Got briefed by account managers. Took notes. Asked questions. Took more notes. Went back to desk.

How can I encourage school IT managers to try this great new product? Where is the best place to talk to them?

What can I say that they haven’t heard before?


My daughter learned the word last week.

She’s only just turned two, but she’s very clever, and ‘boobies’ is quickly becoming embarrassing in public places.

Now, as much as I’d like to claim credit for teaching her ‘boobies’, I can’t. Truth is, we don’t know where she’s picked it up. We can only assume it’s come from the child-minder’s slightly older children.

Anyway, she says it. Lots. She points at my other half’s chest and says, “look, big boobies”. She points at my chest and says, “look, little boobies”. She crouches down, pulls her top over her knees (to create two large lumps) and says, “look, my boobies”.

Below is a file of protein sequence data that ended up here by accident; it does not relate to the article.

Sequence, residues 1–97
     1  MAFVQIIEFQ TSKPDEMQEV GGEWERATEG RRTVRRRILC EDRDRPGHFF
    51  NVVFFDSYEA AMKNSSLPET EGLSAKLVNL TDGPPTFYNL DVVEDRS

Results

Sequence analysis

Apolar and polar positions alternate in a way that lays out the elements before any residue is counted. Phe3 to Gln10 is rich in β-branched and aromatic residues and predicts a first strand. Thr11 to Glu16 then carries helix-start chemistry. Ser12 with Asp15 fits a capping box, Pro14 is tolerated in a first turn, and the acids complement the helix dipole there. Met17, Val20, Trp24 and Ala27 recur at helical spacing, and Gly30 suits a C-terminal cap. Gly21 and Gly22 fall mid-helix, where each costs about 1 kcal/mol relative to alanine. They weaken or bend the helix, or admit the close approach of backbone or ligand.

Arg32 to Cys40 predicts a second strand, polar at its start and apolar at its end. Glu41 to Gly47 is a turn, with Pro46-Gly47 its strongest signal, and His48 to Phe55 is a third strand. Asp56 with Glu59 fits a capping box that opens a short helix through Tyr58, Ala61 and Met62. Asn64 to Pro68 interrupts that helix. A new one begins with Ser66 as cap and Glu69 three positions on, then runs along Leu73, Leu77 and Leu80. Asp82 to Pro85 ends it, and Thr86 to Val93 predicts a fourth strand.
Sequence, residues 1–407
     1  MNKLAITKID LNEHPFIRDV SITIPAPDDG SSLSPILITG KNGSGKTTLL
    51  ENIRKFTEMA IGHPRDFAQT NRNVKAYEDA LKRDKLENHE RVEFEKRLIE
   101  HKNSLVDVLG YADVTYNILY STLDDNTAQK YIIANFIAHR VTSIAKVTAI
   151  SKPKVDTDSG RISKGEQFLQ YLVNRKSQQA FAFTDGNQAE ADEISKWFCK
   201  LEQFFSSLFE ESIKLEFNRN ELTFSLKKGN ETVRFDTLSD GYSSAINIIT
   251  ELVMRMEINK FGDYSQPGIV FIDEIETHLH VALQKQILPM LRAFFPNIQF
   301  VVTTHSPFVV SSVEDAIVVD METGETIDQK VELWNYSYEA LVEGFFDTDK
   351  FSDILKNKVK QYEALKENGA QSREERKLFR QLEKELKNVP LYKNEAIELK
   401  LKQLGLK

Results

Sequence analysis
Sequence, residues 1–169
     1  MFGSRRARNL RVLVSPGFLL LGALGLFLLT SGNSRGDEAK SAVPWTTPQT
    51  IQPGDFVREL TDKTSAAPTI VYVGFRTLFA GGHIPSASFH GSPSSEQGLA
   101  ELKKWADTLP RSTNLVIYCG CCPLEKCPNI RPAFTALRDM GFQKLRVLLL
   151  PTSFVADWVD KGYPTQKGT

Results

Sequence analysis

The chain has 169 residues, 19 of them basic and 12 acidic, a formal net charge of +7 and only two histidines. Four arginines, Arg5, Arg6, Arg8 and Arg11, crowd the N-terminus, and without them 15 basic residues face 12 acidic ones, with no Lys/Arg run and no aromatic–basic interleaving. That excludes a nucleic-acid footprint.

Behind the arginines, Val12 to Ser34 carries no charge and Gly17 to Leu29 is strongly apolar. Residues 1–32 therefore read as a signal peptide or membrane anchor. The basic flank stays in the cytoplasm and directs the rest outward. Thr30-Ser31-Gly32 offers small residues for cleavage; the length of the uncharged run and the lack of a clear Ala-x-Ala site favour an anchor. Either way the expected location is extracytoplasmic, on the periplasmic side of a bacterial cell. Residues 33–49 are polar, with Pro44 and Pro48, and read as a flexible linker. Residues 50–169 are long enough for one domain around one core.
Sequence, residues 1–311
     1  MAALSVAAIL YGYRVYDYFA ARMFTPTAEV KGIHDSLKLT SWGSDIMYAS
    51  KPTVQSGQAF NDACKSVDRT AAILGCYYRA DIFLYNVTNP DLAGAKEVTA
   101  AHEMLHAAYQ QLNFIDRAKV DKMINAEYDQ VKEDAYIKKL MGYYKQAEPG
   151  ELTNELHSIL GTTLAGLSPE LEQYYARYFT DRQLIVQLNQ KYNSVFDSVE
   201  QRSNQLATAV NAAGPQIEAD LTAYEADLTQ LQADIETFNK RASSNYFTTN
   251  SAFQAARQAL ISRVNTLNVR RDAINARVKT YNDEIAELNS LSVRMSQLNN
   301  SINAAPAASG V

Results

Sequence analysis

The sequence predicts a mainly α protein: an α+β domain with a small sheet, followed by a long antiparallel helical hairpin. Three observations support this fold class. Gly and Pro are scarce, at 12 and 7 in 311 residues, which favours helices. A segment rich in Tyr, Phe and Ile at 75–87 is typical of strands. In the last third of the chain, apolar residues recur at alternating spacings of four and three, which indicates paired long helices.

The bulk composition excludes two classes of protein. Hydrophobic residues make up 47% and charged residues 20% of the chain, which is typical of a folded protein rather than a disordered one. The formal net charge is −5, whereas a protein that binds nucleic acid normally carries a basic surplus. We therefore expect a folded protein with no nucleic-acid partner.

She says it in front of the in-laws. She says it in the supermarket. She says it at playgroup.



School IT managers.

They’re already bombarded by emails, so I need to shock them out of their indifference.

I’ll mail them a video card that teases the product benefits. I’ll drive them to a registration page to sign up for a free product trial.

That’s it!

I’ll make them sit up and take notice, just like everyone does when my daughter comes out with the b-word.

See, what many non-creatives don’t understand is that sometimes you have to switch off to switch on: stare out of a window; talk about your weekend; tell a funny story.

Let the subconscious do the work – it’s how the best ideas come about.

Get distracted. Boobies.